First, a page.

All of these songs are on Disc 1, showing the pulling power of dance music, guaranteed to get people dancing in clubs just as rock and pop, downloaded via torrent sites as mp3s, could be a more private passion. Nigel & Marvin took the Chocolate Puma track I Wanna Be U and yelled ‘follow the leader!’ over it while encouraging people to ‘jump and wave’. Incredibly, people were still going to gyms and needed a soundtrack to follow the instructor. This is pop at its most serviceable and I am sure both Nigel and Marvin didn’t have to work again, or just returned to the clubs or gyms.
The first appearance on a NOW of irritating trance group Scooter comes with a pointless cover of The Logical Song by Supertramp, while Kelly Llorenna follows up her NOW 51 appearance on the Flip & Fill track True Love Never Dies with a cover of Taylor Dayne’s Tell It To My Heart. Likewise, did the world need an eight-piece S Club Juniors to sing catchy pop songs in pre-pubescent voices? The group included Frankie and Rochelle, who would graduate to The Saturdays, and I loved the song One Step Closer. I also loved You by the grown-up S Club 7, another piece of fluff that played on the second series of their TV show, which had moved from Miami to LA.
Acts who return to NOW 52 after previous NOW outings include Enrique Iglesias (Escape), Sophie Ellis-Bextor (Get Over You), Atomic Kitten (It’s OK!), Britney Spears (I’m Not a Girl, Not Yet a Woman) and Oasis, after a break, with the morose Stop Crying Your Heart Out, which closes Disc 2. Snot-rock is still represented with the Puddle of Mudd song Blurry.
US r’n’b is still at its height. NOW 52 treats the listener to When You Look at Me by Christina Milian, Rock the Boat by Aaliyah, Foolish by Ashanti and the mighty No More Drama by Mary J Blige, one of those self-empowerment anthems that make a lot of money. Nelly, meanwhile, is Hot In Herre, which I heard on the radio while finalising this essay and realised how brilliant a pop song it is. ‘Herre’ is how you spell ‘here’ in Missouri; the chorus is loud and dumb while the song is addictive, is carried by a wonderful beat from the Neptunes and is sung-rapped expertly. It may be the best song of that era, where the Neptunes also helped *NSYNC have a hit with Girlfriend, a version of which includes Nelly.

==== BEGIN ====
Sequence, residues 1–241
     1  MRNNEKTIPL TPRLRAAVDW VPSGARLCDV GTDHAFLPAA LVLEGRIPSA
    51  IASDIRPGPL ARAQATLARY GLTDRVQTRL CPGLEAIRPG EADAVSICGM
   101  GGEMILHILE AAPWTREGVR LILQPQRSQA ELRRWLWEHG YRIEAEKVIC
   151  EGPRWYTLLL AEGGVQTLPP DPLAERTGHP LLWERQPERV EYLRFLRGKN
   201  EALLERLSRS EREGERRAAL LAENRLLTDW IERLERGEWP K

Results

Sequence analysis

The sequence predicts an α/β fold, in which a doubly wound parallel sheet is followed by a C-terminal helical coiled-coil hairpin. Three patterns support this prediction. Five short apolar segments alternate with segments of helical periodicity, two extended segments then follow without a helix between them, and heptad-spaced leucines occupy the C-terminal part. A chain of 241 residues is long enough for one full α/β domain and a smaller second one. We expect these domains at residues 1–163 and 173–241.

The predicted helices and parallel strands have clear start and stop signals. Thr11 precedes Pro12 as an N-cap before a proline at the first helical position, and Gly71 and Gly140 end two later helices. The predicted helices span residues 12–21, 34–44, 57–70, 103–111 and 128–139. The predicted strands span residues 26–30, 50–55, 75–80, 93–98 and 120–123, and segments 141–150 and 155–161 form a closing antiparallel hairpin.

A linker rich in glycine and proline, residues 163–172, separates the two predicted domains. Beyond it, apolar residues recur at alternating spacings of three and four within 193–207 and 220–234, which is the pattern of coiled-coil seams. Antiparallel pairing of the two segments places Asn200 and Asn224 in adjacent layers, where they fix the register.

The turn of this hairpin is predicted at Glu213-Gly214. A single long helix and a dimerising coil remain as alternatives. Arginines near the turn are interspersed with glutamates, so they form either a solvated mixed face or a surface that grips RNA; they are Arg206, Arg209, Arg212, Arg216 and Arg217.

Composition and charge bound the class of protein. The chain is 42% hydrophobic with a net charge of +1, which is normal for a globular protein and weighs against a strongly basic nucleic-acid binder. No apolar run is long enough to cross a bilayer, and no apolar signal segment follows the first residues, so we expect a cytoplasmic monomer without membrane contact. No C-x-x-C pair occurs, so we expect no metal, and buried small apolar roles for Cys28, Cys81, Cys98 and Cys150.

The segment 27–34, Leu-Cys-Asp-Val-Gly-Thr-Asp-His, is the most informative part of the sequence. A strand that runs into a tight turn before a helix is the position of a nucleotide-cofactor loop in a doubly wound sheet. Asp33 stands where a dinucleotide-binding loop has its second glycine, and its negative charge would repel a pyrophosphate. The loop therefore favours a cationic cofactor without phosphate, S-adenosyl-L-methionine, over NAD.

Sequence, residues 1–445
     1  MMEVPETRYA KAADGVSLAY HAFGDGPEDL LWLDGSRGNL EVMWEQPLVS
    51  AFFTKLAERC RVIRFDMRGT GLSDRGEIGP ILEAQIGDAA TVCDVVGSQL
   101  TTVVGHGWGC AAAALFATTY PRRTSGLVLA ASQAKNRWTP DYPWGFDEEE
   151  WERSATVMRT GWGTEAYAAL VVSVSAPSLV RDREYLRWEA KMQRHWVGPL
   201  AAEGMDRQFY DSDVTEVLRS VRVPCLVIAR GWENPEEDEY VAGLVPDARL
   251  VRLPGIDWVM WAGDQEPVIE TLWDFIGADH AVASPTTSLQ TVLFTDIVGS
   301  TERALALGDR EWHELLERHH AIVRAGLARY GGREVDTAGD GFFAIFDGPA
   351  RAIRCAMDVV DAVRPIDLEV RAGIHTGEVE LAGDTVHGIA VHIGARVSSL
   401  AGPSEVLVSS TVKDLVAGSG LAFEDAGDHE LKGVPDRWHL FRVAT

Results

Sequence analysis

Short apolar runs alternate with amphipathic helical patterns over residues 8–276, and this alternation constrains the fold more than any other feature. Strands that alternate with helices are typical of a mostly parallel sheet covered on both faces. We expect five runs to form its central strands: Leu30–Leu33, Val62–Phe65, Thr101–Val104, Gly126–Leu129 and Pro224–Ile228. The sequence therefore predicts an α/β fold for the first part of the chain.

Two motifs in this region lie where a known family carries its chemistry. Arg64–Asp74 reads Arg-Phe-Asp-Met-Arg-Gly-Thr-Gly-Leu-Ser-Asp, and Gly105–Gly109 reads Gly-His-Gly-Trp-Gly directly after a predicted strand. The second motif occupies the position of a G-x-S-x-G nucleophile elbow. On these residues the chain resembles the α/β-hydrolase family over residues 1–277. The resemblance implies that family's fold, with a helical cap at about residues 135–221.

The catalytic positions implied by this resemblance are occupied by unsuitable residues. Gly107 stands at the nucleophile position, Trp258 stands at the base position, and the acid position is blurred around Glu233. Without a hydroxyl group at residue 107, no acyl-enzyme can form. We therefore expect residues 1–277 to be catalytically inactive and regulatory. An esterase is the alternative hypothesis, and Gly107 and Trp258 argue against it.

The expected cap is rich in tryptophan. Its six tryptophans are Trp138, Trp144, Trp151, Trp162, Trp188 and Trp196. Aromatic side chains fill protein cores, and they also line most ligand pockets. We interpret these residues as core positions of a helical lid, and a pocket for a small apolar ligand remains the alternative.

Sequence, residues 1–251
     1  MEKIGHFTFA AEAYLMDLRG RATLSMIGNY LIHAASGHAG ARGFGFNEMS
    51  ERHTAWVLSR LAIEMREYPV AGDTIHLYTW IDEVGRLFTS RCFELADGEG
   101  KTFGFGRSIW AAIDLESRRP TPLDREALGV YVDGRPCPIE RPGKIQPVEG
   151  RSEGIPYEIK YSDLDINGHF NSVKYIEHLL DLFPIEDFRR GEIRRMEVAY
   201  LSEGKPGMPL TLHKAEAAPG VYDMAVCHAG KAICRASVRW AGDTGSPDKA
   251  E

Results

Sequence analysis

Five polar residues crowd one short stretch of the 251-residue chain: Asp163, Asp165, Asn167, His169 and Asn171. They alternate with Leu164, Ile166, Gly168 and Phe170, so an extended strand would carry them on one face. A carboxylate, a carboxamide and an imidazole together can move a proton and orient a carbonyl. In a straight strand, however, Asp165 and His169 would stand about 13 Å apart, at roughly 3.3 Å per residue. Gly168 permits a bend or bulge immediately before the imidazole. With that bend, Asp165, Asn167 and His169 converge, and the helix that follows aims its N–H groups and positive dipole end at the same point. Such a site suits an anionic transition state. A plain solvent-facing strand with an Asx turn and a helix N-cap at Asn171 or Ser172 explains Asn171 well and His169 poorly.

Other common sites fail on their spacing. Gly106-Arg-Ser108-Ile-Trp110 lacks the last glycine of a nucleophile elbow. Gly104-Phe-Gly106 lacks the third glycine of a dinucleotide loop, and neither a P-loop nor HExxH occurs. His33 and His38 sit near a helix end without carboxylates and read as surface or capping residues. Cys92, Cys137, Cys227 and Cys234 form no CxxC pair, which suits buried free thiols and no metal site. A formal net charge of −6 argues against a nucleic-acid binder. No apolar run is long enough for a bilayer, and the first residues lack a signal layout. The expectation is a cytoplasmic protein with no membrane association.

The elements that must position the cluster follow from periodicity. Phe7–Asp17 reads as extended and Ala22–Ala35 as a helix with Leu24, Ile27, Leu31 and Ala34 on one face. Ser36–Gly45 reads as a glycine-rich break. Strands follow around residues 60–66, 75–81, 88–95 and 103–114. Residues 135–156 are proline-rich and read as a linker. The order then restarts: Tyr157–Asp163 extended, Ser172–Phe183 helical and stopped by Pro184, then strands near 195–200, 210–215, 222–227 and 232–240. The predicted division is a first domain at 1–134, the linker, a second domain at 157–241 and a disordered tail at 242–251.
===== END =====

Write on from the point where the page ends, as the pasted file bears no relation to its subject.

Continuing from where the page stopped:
Over in the UK, garage was still having its moment and the poster girl was Ms Dynamite, whose album A Little Deeper gained a lot of plaudits and included It Takes More, a song which asked ‘how many Africans died for the baguettes on your Rolex’. Her brother Akala has just put out a book called Natives, examining identity and masculinity; he is a great speaker and ambassador for Shakespeare. I also loved Freak Mode by The Reelists, a track in the tradition of Craig David, that was a summer smash in 2002.
The eclectic environment of the time means some interesting juxtapositions. Amy Studt’s debut song Just a Little Girl, a mix between Avril Lavinge and Britney Spears, sat next to an amazing collaboration between producers 1 Giant Leap, Maxi Jazz from Faithless and Robbie Williams reciting a poem addressed to his dad about how he was ‘the man you thought I’d never be’. Sheryl Crow returned with Soak Up the Sun, whose verse included the words ‘communist’ and ‘diddly-squat’ and had one of her finest sun-soaked choruses. She is still performing today. Moby followed up the album Play with more of the same and led with the Bowie-inspired We Are All Made of Stars. He is still performing today; his 2018 release Everything Was Beautiful, and Nothing Hurt was a top ten album in Belgium and a top 30 album in the UK.
Fans of Robbie and Moby made new discoveries on NOW 52 with Mancunian rockers Doves, whose song Pounding does just that, and Scottish indie rockers Idlewild, whom I saw play American English and other hits in 2007. Written by Roddy Woomble, a cult Scottish singer-songwriter who was always touring the folk clubs while I was studying up in Scotland, the song is what my friend Matt’s wife Kate calls ‘moany indie pish’, but it carries the listener along with its baroque elegance and descending B major arpeggio intro.
It’s better than Stop Crying Your Heart Out, though I did love an acoustic ‘drone’ version of that song sung by Noel that removes Liam’s effortful vocal; Leona Lewis would later cover it, pointlessly, thanks to Simon Cowell’s intervention. Cowell and Gallagher, together at last…